The report found that within nine months, there were 254 victims of the act and threats of violence that beset The EHRDs. As much as 70% of that number, namely 175 people, are individual victims. The family became the second largest victim. A total of 71 (28%) families lost their homes and expelled from their living space. Also that, there are seven indigenous people and two community members in the village or village unit who are victims, e.g. the indigenous community of Bukit Karandayan in East Kalimantan and the residents of Kampung Polgar in West Jakarta.
The report also elaborates on the complexity of human rights violations that are inherent and accompany the acts and threats of violence against The EHRDs. There are seven rights inherent in human rights violated seriously due to acts and threats of violence against the EHRDS including violations of personal integrity, the right to freedom, the right to move, the right to residence, the right to life, the women’s rights and the children’s rights. The presence of the rights of women and children in this report is special because 10% (17 people) of the total number of The EHRDs’s victims are women farmers and indigenous people who lose living space and livelihood. Still, the intimidation practices carried out on children in areas of violence against The EHRDs.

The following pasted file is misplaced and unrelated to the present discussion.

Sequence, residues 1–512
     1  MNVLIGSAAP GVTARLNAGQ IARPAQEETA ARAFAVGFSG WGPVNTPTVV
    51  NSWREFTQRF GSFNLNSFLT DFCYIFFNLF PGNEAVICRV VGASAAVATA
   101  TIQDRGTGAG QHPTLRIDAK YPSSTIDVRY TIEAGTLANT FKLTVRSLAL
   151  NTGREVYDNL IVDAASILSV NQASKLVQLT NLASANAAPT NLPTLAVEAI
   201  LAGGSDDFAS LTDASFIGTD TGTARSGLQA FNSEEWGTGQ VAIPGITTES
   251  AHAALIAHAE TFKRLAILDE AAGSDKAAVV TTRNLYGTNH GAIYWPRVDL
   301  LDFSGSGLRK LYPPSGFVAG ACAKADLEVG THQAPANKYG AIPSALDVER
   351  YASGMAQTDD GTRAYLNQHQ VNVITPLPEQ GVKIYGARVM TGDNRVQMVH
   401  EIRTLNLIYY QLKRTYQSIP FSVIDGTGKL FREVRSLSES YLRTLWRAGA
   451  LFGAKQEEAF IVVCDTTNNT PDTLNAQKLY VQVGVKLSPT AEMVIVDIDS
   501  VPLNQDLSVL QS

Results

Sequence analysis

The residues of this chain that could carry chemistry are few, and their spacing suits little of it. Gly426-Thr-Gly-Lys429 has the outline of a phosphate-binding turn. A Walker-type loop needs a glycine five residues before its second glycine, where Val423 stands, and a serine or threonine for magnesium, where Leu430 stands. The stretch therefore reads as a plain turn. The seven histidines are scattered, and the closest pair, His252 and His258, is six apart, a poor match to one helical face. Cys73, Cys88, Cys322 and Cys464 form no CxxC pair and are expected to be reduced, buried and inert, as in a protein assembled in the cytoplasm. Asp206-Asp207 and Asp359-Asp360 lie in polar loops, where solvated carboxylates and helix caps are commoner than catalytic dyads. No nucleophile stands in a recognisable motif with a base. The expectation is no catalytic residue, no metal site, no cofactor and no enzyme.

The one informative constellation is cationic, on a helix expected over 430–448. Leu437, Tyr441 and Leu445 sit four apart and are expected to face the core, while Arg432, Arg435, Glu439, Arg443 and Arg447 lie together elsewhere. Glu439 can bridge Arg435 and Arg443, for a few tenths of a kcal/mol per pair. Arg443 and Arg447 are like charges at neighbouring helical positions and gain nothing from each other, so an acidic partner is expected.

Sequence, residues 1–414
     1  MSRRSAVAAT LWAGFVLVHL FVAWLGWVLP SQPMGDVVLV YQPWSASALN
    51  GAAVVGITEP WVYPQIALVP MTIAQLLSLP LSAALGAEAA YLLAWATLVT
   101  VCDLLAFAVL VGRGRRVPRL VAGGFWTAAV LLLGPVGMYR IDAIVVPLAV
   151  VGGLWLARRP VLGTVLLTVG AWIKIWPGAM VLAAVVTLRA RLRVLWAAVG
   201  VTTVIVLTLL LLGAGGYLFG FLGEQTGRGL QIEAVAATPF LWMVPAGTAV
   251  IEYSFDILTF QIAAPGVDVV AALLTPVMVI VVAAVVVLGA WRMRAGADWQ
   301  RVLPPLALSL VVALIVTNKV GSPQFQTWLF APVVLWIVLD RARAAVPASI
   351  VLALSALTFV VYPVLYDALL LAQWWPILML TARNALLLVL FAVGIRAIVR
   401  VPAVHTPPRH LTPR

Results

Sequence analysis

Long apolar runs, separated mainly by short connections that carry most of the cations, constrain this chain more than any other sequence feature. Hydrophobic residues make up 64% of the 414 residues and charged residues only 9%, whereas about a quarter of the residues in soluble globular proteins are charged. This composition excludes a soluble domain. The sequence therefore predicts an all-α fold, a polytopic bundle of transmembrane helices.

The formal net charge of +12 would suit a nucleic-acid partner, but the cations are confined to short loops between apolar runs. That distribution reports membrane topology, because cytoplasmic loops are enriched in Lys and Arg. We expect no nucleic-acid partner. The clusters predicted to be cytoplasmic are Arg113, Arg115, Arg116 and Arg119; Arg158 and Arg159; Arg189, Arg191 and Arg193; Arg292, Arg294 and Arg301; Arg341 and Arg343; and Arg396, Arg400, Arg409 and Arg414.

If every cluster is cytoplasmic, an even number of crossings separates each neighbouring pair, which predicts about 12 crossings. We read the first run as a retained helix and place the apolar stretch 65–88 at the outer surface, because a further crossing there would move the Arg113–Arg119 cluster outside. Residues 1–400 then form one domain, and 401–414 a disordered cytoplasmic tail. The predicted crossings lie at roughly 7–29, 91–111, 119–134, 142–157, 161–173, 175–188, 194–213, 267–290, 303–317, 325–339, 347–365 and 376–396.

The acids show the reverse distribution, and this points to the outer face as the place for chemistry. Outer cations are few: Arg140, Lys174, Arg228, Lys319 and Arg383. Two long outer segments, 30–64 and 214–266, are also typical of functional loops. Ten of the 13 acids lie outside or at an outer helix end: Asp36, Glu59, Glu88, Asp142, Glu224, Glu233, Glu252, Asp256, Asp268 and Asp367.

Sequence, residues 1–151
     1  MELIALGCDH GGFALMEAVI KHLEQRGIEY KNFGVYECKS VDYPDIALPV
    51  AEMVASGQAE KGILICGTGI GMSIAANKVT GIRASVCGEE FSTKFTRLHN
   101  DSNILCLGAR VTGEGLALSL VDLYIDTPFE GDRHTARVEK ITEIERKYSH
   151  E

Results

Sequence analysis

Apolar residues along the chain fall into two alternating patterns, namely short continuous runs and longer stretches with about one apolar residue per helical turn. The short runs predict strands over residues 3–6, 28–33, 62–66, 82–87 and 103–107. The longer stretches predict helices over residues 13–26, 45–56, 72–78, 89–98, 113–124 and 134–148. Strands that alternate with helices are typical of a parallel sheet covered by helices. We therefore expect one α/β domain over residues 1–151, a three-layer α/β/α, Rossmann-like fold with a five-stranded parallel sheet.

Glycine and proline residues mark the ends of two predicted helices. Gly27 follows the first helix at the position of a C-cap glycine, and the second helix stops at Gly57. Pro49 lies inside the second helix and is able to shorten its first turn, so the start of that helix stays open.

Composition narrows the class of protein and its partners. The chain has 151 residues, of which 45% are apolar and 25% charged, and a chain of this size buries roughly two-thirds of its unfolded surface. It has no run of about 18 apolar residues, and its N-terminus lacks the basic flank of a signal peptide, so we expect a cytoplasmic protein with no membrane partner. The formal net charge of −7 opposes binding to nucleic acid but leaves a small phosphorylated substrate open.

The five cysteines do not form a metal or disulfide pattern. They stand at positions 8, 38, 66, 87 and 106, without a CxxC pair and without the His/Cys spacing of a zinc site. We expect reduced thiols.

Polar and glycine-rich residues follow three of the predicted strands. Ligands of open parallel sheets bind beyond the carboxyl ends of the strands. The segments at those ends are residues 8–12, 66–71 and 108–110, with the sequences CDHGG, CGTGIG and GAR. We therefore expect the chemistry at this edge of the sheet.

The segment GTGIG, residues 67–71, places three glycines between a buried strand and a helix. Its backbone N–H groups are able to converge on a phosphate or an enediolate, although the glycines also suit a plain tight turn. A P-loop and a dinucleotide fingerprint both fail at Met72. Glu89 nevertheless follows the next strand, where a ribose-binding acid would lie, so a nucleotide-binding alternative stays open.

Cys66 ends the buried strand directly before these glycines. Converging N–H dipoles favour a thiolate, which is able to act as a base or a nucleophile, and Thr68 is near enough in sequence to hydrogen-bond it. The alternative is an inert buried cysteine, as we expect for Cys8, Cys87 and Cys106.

Through the report, ELSAM argues that the state and company are vital actors in all acts and the threats of violence against during November 2017-July 2018. As many as 88% of the violent actors in this report are state actors consisting of the police, TNI, Attorney General’s Office, state officials, courts, Badan Otorita (Authority Body), Forest Police, and Satpol PP. The same thing happened to the company. Of the 36 cases that occurred throughout this period, there were 33 names of companies involved in 33 cases.